We have all also seen bookmarks. Bookmarks also allow you to jump to another place in your document, but your starting point is a set of links in a separate pane alongside and to the left of your document.   (Bookmarks look like this.) Bookmarks will always be visible and available (as long as the correct settings have been used) and will “travel” with the document as the reader scrolls through it.

So, for example, a simple version of your table of contents outline can appear in the navigation pane so the reader can jump to a desired passage of the brief or memo at will. The links in the navigation pane will appear alongside the document text as the reader progresses through it, so that they are always handy and accessible. (Unless the reader chooses to hide them.)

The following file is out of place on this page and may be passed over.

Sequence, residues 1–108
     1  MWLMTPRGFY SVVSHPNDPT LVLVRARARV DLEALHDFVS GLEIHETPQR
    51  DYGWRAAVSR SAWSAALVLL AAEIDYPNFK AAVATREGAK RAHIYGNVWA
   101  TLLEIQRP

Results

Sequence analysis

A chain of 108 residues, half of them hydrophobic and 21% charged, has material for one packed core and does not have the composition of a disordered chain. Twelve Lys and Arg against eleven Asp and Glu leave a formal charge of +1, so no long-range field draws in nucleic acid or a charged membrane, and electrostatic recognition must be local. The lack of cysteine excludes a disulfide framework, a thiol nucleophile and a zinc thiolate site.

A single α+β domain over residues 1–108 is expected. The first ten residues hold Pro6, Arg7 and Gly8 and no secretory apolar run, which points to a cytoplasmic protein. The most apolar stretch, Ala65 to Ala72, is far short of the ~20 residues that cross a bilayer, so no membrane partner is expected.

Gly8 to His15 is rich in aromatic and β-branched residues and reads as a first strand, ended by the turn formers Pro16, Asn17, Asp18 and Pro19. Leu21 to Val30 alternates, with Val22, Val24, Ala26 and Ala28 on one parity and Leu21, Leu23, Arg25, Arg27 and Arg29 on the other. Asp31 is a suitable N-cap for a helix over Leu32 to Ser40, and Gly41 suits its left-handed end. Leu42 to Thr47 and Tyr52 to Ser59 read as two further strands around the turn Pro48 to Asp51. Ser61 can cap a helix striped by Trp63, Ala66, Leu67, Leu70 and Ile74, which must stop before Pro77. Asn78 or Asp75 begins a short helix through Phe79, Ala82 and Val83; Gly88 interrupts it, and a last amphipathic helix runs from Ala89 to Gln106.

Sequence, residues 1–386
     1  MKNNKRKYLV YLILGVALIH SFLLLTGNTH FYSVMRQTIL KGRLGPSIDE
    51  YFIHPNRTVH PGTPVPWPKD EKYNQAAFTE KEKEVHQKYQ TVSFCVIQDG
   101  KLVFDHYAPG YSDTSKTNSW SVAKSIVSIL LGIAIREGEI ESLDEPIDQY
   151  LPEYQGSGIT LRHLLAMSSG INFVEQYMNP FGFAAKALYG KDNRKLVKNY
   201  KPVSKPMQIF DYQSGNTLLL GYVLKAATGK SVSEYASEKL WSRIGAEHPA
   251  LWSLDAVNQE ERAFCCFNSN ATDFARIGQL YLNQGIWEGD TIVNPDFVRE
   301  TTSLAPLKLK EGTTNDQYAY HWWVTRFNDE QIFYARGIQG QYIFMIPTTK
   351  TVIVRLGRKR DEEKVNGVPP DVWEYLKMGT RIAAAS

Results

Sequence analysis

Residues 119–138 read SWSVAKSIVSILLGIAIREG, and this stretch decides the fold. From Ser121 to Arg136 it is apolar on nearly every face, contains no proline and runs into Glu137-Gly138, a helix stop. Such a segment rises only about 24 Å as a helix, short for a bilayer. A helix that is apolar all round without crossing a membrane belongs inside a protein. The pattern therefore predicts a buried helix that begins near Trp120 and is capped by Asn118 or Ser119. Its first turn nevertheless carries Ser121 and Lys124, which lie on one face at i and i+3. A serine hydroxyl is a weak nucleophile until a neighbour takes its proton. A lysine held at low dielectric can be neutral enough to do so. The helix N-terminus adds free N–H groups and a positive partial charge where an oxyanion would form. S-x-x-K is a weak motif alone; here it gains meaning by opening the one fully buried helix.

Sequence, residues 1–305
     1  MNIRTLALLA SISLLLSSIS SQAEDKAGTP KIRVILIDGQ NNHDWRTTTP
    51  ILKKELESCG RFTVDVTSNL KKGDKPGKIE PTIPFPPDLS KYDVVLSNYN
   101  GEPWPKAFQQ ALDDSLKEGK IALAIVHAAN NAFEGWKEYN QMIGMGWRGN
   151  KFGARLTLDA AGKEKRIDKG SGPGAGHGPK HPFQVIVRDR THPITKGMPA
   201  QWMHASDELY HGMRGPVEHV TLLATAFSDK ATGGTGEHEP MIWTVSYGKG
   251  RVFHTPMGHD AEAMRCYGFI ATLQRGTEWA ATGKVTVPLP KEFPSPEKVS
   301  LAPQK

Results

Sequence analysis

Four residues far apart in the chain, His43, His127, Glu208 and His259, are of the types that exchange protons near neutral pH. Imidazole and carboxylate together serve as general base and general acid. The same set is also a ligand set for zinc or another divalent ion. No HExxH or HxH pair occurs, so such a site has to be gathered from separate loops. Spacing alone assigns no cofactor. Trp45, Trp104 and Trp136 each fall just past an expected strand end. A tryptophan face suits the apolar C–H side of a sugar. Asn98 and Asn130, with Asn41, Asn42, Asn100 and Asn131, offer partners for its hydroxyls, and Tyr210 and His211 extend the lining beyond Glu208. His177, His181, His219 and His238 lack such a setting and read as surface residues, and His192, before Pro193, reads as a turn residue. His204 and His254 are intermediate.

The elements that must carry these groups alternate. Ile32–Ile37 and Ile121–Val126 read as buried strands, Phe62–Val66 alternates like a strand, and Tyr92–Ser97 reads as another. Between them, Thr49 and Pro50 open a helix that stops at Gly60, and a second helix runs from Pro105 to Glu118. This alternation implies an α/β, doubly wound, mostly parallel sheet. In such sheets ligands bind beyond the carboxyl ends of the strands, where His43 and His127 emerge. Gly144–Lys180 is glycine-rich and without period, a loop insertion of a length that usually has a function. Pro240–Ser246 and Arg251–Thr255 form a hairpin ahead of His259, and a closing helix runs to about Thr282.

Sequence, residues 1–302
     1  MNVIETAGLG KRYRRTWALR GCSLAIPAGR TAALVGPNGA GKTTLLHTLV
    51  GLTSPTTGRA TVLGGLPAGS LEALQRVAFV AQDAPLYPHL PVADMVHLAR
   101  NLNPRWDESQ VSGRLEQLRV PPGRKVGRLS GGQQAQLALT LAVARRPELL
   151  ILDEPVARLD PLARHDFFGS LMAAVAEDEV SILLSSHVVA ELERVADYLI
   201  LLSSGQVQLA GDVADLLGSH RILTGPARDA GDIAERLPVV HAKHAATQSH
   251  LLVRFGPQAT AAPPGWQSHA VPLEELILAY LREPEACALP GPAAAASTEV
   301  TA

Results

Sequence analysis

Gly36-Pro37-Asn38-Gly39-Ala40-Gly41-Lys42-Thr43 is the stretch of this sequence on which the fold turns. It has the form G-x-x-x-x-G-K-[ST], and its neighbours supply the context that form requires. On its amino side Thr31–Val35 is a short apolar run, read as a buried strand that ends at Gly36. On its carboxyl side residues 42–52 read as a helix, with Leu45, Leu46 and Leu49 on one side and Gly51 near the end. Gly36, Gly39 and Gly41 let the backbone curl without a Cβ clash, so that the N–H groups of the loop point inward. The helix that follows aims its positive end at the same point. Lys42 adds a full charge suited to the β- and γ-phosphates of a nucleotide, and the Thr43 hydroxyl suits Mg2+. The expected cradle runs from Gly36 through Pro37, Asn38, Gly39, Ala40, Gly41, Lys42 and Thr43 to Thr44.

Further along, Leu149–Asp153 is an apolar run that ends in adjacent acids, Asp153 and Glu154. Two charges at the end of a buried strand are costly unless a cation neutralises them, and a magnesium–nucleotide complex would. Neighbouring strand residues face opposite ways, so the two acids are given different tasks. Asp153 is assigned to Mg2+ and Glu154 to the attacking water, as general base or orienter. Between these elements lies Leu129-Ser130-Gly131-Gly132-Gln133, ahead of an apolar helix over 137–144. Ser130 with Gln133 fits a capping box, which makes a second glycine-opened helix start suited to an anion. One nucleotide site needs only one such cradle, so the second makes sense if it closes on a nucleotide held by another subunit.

As noted, hyperlinks and bookmarks can allow the reader to jump from one part of your table of contents to document text. But both tools have many other rhetorical purposes. Bookmarks in particular can help you point the reader to the parts of the brief or memo you think are most important, and let you explain why. For example, you could have bookmarks (after your table of contents links) that say, “The most important case,” or “Why Respondent’s breach argument is wrong,” or “Why the tolling argument is incorrect.”

In this way, bookmarks give another tool to highlight your most important points, and make it easy for judges to find the most important parts of your brief or memo.

The courts’ web site includes instructions on creating bookmarks and seems to endorse the broad use of them. It’s not clear, though, that the courts have fully considered the rhetorical uses of bookmarks. This will undoubtedly be addressed down the road. At present, the rules do not address their use, and there is nothing saying that rhetorical bookmarks can’t be used.

(Justice G. Barry Anderson has discussed the use of bookmarks in a CLE. His thoughts on their rhetorical use follows.)